MacDonald says in the commercial world there are many software systems that can automatically identify suspicious activity, but they are proficient only in scarcely populated or unpopulated areas, where it’s easy to spot a lone person leaving a parcel unattended.
“If someone comes and sets a bag down and walks away, these systems will pick that up, but our goal is to do that in highly crowded environments,” he says.
Other ISIS features, many of which are commercially available, are provided by a suite of software applications called video analytics. One app lets operators define restricted areas, for which ISIS provides an alert the moment the area is breached. ISIS is designed for use in any environment where surveillance of large open areas is required.
Another feature lets operators select a specific target, such as a suspicious person, package or pickup. The system then tags the subject and follows it, automatically panning and tilting as needed. Video analytics at high resolution across the universal field of view, coupled with the ability to follow objects against a cluttered background, provides high-quality situational awareness as incidents unfold.
“What we’ve found in the past is the typical security professional watching a bank of monitors has an attention span of about 20 minutes,” MacDonald says. “What we wanted to do is give these professionals a tool that can continuously monitor an area, and then provide operator alerts to abnormal events or locate intruders in off-limits areas.”
Lights, camera, controversy
Many of these surveillance advances are troubling to those as interested in preserving freedom and civil liberties as they are in combating crime or detecting terrorists. They believe government dragnet surveillance activities are not directed solely at suspected terrorists and criminals, but they are instead directed at everyone, and therefore tend to erode the right to privacy and the freedoms of speech, association and religion.
The ACLU website states that “increasingly, the government is engaged in warrantless surveillance that vacuums up sensitive information about innocent people. And this surveillance takes place in secret, with little or no oversight by the courts, by Congress, or by the public.”
Steven Surfaro, Axis Communications’ industry liaison, says “the benefits of public surveillance in crime reduction have been studied and documented extensively and outweigh privacy concerns, as long as best practices are adhered to.”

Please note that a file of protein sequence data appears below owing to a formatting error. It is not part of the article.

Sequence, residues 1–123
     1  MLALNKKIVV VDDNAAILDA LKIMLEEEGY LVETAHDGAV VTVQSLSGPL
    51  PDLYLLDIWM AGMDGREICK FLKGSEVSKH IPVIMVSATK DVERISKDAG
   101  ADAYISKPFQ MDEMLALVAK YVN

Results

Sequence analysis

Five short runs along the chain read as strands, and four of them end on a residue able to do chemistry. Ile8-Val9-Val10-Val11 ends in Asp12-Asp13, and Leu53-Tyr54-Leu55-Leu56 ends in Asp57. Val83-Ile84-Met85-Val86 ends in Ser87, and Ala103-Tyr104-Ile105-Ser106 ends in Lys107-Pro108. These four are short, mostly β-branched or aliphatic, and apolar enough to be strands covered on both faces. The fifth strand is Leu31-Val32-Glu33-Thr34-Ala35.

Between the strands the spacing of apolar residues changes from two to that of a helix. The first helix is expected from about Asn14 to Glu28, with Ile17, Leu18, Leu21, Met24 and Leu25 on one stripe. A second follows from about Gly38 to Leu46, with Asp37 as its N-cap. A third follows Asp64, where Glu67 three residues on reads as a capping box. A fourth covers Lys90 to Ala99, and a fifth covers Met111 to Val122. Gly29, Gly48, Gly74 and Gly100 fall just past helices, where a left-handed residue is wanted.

Surfaro says any erosion of privacy or civil liberty in video surveillance are overcome when a system is designed and used according to established best practices.
ISIS Spiral 2
The ISIS Spiral 1 system installed at Logan International has worked well enough to be exhibited to visiting representatives of local law enforcement, branches of the military, as well as state and federal homeland security agencies. Several commercial entities with a stake in protecting the nation’s infrastructure have also shown interest.
A second generation prototype of ISIS, called Spiral 2, more than doubles the resolution to 200 megapixels and is currently undergoing operational testing. The results will be used to refine the technology before Spiral 2 is installed at Logan, probably sometime in Spring 2012.
The partnership between Logan International and DHS began in December 2009, allowing potential Homeland Security end-users the opportunity to evaluate ISIS technology. Beyond the potential for enhancing security at the nation’s airports, if successful, the current testing at Logan could pave the way for the eventual deployment of ISIS to protect other critical venues.
ISIS Spiral 2 will use custom sensors and video boards, longer range cameras, higher resolution, a more efficient video format, and a discreet, chandelier-like frame no bigger than a basketball. Eventually, DHS plans to develop a version of ISIS that will use infrared cameras to detect events that occur at night.
“We’re continuing to advance the video analytic capabilities of the software package, and incorporate features as requested by potential users that have been part of the demonstrations,” MacDonald says.
Many of the ISIS capabilities originated in technology previously developed at MIT’s Lincoln Laboratory for military applications. The current ISIS system was built with commercial off-the-shelf cameras, computers, image processing boards and software.
ISIS was nominated for the Christopher Columbus Homeland Security Award for cutting edge technology that could be applied to the protection of the nation’s assets.